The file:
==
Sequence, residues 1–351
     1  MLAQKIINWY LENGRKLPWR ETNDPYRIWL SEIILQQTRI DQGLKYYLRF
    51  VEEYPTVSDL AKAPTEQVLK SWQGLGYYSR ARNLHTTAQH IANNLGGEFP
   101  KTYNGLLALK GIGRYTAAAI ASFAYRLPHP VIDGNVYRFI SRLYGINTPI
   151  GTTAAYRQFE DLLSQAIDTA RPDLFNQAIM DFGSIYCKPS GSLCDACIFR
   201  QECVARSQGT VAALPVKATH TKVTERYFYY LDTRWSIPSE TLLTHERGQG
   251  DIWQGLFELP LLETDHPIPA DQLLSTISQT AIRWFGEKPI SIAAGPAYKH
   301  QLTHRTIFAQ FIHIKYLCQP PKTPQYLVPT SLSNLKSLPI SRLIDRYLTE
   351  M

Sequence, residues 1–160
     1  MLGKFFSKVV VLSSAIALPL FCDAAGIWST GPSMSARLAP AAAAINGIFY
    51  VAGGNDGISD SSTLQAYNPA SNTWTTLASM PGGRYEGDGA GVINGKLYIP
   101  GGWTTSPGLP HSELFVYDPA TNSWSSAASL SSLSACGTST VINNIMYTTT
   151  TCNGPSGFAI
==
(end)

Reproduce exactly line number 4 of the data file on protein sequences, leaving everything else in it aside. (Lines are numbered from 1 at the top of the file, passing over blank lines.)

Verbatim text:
   101  KTYNGLLALK GIGRYTAAAI ASFAYRLPHP VIDGNVYRFI SRLYGINTPI